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Thursday, July 5, 2018

IRS Currently Not Collectible Status

You need a fierce advocate on your side when it comes to any tax issue. Renee Sieradski, EA has received extensive training in the field of IRS Representation, with over 18 years of experience as a practicing Tax Professional, and specializing in Multi-State Taxation and the Real Estate Industry. Her expertise is in resolving tax debt, with a focus on 1040, 941, 6672, and 1120 tax liens. 602-687-9768 www.phoenixtaxhelp.com. Email renee@phoenixtaxhelp.com.

A very powerful tool for getting the IRS off your back is Currently Not Collectible (CNC) status. The IRS recognizes that you maybe in a financial condition that renders you unable to pay anything on your taxes.

When I represent taxpayers who are either insolvent or are having major cash flow issues, the Currently Not Collectible Status is an option that makes the most sense. If you have negligible assets subject to levy enforcement by the IRS and have no income beyond what is absolutely necessary for you to live, the IRS may determine your liability is currently uncollectible. Currently Not Collectible status defers collection action under the undue hardship rule. If you are one of these uncollectible cases, the Revenue Officer assigned to your case will remove your case from active inventory until your financial condition improves. Currently Not Collectible Status is generally maintained for about one year. There are many reasons the IRS may close your case as uncollectible.

These include:

  • The creation of undo hardship for you, leaving you unable to meet necessary living expenses.
  • The inability to locate any of your assets.
  • The inability to contact you.
  • You die with no significant estate left behind.
  • Bankruptcy or suspension of business activities with no remaining assets.
  • Special circumstances such as tax accounts of military personnel serving in a combat zone.

Do keep in mind if you are in Currently Not Collectible Status, penalties and interest will continue to accrue on your tax liabilities.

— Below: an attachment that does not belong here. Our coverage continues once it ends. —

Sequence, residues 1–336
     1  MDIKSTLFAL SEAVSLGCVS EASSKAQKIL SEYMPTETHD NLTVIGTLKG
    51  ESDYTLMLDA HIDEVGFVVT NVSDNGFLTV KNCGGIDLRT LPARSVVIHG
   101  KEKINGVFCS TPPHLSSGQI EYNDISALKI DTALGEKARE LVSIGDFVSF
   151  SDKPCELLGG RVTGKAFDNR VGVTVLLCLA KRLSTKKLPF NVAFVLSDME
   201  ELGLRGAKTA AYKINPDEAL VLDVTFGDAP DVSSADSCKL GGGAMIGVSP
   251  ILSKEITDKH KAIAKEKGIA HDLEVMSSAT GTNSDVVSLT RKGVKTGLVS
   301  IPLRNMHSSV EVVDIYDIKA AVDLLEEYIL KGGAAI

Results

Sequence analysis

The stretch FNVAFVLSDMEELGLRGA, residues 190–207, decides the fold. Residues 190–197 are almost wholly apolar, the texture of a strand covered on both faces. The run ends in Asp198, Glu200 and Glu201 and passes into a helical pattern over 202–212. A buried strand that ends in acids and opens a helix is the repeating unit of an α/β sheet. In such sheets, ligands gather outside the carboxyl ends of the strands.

Before closing your case for the reason of undue hardship, the IRS will require a financial statement from so they can review your finances. The review is similar to the review for an Installment Agreement request — both are similar to a mortgage application. You will be required to provide financial documentation such as bank statements, copies of mortgage statements and car payments, pay stubs, etc. If your assets are negligible and your net disposable income is negligible, you’ll most likely to be able to obtain a CNC status.

The IRS will periodically re-examine your finances to see if your financial condition has improved to the point some payment can be demanded. The review will occur about once a year and you must then complete a new financial statement. The IRS may question you by phone or in person or they may simply send you the form and request that you return it by mail.

As with all information you give the IRS, make sure what you say is absolutely truthful. The IRS may also monitor your financial condition by computerized review of your tax returns. For example, the IRS computers may flag your return if your reported gross income exceeds some pre-established amount. Remember, the IRS only has 10 years from the date of assessment to collect delinquent taxes; once the statute expires, so does your liability.

Millions of Americans have remained in CNC for years and completely avoided having to pay their back taxes. Obviously, these folks could not title assets in their own name or have significant income available for IRS levy. Still, many of these uncollectible cases enjoyed relatively comfortable lifestyles. If you maintain no assets in your own name, you have a small income, and expect your financial situation to continue, then remaining in CNC status may be the most practical remedy.

However, if you do not intend on remaining uncollectible until the statute of limitations expires, or don’t want the tax liability hanging over you, you may want to consider an Offer in Compromise while your financial situation isn't so great.

On to Recovery — Powerlessness

In my personal life, I’m back on Step One in my codependency 12 step group. My sponsor wants me to work on powerlessness. I thought I understood powerlessness, however, as I work through the workbooks and questionnaires, I feel as if I am seeing powerlessness with fresh eyes. No matter what

I do, or say to an addict, my words won’t change their addiction. I’ve realized a part of me still wants to believe I have power over people. I am grateful for my sponsor and the 12 steps. I am grateful for my Higher Power. I understand now why I needed to have denial all these years while I worked through pieces of  past trauma. My brain was protecting me from overload. Now it is time for me to accept my powerlessness. It’s a huge part of my life that I am challenging the work is difficult but the rewards will be even greater.